A Borie is a dry-stone structure, generally a one-room cabin. The smallest can be a single, low room where a shepherd could weather out a storm or a cold night. More typically, the single room borie is big enough to stand upright in, with space for a fire and often a shelf or two built into the thick stone walls.
Larger bories can have multiple rooms, right up to the largest we know of, which is an entire borie village (Village de Bories) at Gordes in the Vaucluse department.
The name borie is used for the dry-stone huts in the Provence-Alpes-Cote d'Azur region of southeast France. In the Languedoc-Roussillon region of southern France, these same stone structures are called capitelles.
Dry-stone huts, whatever they are called, can be found all over the world. In the Borie Village at Gordes , there are photographs of "bories" from Beaujolais in France, Corsica, Crete, Death Valley in California, Italy, Mexico, Peru, the Sinai dessert, Switzerland, Turkey and what used to be Yugoslovia. A Beyond reader, who's a student of archaeology from the University of Malta, told us the Maltese variety are called "giren".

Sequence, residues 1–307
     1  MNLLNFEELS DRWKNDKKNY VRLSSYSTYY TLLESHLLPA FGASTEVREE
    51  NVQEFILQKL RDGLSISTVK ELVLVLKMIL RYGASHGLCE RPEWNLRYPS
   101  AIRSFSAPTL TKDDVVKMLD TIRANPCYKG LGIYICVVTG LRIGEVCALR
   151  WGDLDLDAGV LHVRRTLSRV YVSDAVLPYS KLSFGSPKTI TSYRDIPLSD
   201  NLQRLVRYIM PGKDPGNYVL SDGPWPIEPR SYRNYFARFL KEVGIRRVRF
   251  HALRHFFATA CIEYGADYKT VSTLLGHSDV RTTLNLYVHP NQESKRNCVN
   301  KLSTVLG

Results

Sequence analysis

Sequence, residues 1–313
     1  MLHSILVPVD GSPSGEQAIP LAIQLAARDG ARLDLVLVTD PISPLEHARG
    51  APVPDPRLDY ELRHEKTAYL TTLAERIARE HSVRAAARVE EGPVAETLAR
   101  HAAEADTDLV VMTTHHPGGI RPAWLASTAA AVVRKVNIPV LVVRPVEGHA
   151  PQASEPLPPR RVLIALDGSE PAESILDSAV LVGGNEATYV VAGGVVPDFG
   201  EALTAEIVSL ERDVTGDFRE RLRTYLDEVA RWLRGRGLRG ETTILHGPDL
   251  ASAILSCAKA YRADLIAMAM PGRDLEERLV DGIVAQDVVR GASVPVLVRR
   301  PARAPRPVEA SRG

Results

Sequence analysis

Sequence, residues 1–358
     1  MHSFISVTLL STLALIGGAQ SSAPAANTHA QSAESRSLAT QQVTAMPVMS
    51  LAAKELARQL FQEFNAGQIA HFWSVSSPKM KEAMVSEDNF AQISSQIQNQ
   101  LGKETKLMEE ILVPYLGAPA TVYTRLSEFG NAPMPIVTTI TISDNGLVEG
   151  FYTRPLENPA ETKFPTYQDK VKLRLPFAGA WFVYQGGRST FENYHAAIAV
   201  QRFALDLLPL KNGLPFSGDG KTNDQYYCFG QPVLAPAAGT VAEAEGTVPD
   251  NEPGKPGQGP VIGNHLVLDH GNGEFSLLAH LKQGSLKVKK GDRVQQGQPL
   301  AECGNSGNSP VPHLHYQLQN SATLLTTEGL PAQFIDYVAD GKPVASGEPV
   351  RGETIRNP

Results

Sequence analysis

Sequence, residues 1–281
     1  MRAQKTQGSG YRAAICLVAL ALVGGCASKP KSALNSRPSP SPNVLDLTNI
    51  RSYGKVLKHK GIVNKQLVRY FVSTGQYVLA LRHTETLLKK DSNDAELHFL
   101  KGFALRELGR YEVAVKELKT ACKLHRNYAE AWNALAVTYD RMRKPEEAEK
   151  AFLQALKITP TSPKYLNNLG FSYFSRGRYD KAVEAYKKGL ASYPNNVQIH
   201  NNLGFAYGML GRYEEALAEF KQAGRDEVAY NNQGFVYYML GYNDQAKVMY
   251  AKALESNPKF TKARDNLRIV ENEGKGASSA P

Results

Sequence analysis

The borie in our top photo is typical of those in the Luberon and the area around Apt and Bonnieux and Gordes. Beside the village of Gordes is located a famous trio of bories called the Three Soldiers (photo, left).
Have a look at our Bories Explained page for more information.
Calern Bories (Alpes-Maritimes)
The Calern Plateau (Plateau de Calern) in the back country of Grasse is dotted with the dry-stone huts. Many are small, one-man sized, but this is a great area for discovering them while exploring nature, finding wildflowers and watching the soaring eagles.
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Caussols Bories (Alpes-Maritimes)
The Caussols Plateau (Plateau de Caussols) in the back country of Grasse has large, open fields, low rocky and forested hills, the wee village of Caussols, a Roman road, and several very interesting dry-stone bories.
Blauzac Circuit des Cabanes
In the Languedoc-Roussillon region of the South of France, bories are called capitelles. A different name, but the same dry-stone huts, here often dating to the 19th century. A short loop-hike from the village of Blauzac, only 8 km southwest of Uzès, takes you through woods, fields and vineyards, and an area of around 50 capitelles. The word cabanes in the title of the hike is simply the generic name for cabins, or huts.